In contrast, many sections of the RPTL grant exemption from taxation and from “special ad valorem levies” and “special assessments” (see, e.g., §§ 420-a(8), 408, 406). Inclusion of reference to the latter two types of charges is almost always followed by the limiting phrase “to the extent provided in [§ 490]”. (One exception to this rule is the exemption granted to real property used for cemetery purposes. See, RPTL, § 446(1), as amended by L.1981, c.920.)

Section 490 provides that real property, exempt from taxation pursuant to specified sections of the RPTL, is also exempt from certain special ad valorem levies and special assessments but liable for others. Those types of charges to which the exemption provisions do not apply (i.e., charges for which all such properties are liable) are the so-called “capital costs” (costs for acquisition, construction, etc.) of the following types of improvements:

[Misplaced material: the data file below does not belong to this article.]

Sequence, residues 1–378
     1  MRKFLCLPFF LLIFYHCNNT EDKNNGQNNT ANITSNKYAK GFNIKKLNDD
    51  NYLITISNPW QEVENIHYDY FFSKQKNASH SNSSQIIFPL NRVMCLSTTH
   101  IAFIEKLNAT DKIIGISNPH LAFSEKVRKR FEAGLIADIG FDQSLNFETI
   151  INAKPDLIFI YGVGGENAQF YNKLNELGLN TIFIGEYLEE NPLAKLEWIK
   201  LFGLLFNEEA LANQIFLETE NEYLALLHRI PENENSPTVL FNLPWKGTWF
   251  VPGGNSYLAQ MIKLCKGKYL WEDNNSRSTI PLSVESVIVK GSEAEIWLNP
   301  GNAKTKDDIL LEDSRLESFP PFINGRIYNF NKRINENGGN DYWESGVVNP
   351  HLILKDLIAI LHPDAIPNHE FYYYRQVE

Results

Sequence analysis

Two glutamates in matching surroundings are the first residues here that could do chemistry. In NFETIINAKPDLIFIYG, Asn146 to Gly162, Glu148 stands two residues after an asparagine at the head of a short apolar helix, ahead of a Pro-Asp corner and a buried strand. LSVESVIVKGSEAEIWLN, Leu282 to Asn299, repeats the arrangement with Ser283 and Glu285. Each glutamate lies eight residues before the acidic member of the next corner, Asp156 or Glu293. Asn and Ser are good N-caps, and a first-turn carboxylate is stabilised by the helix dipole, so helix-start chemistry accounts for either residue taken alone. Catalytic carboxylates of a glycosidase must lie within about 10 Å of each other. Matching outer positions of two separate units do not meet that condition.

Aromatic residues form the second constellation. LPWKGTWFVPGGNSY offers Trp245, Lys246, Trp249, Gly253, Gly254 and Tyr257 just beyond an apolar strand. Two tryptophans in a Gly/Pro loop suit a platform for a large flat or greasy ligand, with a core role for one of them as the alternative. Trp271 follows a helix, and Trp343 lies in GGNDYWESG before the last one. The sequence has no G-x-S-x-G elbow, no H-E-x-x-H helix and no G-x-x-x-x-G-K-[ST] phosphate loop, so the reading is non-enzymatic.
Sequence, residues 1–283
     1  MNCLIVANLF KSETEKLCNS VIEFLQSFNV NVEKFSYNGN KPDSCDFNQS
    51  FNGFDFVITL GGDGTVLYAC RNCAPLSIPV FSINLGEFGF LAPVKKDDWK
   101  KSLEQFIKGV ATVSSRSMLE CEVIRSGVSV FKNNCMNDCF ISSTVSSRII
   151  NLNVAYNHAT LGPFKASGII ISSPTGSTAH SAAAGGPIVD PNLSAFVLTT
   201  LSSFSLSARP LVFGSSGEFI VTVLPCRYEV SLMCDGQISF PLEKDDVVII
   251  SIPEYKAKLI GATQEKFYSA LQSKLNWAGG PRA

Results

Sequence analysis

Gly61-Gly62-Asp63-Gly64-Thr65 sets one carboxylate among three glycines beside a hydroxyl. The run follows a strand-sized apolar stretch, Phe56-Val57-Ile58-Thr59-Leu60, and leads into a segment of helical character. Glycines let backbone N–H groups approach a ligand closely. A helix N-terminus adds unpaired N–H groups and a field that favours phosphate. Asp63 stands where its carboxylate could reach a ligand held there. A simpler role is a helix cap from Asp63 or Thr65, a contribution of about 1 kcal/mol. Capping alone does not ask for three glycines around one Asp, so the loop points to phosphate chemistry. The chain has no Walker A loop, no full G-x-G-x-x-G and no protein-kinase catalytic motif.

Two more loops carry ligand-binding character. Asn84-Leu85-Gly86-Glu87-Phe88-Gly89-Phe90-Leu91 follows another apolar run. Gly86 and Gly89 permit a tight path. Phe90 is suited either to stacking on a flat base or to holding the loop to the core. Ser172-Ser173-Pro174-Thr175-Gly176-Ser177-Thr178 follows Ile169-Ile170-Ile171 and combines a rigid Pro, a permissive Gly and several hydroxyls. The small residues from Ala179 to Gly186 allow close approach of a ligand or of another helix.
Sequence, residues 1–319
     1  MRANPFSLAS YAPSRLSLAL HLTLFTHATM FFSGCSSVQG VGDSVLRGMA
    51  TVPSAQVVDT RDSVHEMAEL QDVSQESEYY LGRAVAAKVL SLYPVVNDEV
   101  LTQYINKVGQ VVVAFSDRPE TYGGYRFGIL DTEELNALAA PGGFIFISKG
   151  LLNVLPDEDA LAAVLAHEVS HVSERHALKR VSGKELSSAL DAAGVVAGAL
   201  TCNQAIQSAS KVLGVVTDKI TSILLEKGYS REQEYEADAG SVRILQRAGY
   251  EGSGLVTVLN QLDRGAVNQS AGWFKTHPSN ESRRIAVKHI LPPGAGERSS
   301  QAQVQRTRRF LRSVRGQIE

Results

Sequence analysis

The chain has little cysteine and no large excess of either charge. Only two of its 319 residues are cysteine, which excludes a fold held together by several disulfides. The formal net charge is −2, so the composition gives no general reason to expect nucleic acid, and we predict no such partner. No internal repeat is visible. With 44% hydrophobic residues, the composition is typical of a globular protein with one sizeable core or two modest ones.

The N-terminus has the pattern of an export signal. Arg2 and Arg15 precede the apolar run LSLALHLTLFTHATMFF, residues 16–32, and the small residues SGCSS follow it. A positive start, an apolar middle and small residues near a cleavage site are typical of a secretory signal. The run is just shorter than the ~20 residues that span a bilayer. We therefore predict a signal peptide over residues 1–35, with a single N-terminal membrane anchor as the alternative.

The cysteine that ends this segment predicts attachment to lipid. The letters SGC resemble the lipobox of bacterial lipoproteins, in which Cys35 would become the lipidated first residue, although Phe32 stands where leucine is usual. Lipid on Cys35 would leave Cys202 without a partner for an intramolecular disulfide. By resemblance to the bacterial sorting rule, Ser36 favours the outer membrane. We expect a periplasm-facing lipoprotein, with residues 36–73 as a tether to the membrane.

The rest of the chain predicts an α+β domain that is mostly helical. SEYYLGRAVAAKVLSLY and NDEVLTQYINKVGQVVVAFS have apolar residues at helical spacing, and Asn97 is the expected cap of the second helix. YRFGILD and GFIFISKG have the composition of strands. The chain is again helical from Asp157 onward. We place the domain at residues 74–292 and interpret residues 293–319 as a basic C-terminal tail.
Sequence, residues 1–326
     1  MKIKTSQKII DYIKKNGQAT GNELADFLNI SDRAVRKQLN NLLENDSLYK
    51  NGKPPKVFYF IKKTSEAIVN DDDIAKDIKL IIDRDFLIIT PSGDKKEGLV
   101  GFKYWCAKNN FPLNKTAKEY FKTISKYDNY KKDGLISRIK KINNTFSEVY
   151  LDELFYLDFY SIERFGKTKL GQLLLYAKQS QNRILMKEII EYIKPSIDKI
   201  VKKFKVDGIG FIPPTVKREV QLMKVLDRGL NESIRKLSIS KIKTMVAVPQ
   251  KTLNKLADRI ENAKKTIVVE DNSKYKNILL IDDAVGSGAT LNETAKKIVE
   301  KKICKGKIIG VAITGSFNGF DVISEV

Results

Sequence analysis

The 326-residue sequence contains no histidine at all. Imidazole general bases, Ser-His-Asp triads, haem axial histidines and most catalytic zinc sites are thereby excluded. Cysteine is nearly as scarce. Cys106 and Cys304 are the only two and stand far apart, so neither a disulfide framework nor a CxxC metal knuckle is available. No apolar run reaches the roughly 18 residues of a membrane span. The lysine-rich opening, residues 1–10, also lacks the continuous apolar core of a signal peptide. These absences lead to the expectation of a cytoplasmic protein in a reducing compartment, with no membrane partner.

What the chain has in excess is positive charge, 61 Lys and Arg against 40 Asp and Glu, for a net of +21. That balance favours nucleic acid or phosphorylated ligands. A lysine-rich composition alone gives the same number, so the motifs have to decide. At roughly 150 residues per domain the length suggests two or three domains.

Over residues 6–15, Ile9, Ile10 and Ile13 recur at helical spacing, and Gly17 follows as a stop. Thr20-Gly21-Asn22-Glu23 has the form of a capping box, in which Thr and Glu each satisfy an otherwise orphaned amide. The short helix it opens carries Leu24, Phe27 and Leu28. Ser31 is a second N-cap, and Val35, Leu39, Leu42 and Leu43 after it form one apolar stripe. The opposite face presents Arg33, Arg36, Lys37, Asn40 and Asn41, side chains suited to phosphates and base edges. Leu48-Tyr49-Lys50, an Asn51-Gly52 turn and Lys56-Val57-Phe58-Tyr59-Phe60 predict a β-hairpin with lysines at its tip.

(a) water supply and distribution systems;
(b) sewer systems;
(c) waterways and drainage improvements; and
(d) street, highways, road and parkway improvements. {*}

Since a garbage district does not fall within one of these four categories, we must consider the exemption language of section 490 to determine the liability of properties for the district’s charges.

Historical analysis of section 490 of the RPTL and its predecessor statute (Tax Law, § 4) is essential to our answer. This is so because of a “Saving Clause” included with the enactment of the RPTL (L.1958, c.959). That “Saving Clause”, set forth in subdivision 6 of section 2002 {**}, provides as follows: